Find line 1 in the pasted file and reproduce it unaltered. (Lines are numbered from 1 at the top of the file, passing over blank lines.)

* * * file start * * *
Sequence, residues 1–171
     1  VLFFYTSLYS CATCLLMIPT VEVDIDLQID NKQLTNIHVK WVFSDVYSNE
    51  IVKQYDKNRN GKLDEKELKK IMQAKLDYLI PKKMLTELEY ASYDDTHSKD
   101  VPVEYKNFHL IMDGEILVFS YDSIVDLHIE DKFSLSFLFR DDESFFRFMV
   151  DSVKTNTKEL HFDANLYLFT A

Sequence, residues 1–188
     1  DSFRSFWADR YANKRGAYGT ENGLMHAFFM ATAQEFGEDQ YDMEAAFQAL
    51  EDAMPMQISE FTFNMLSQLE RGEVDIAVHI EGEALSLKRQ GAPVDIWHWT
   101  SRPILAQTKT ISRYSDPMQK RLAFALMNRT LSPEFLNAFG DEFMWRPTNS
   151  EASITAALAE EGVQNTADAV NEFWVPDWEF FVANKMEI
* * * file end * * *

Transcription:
Sequence, residues 1–171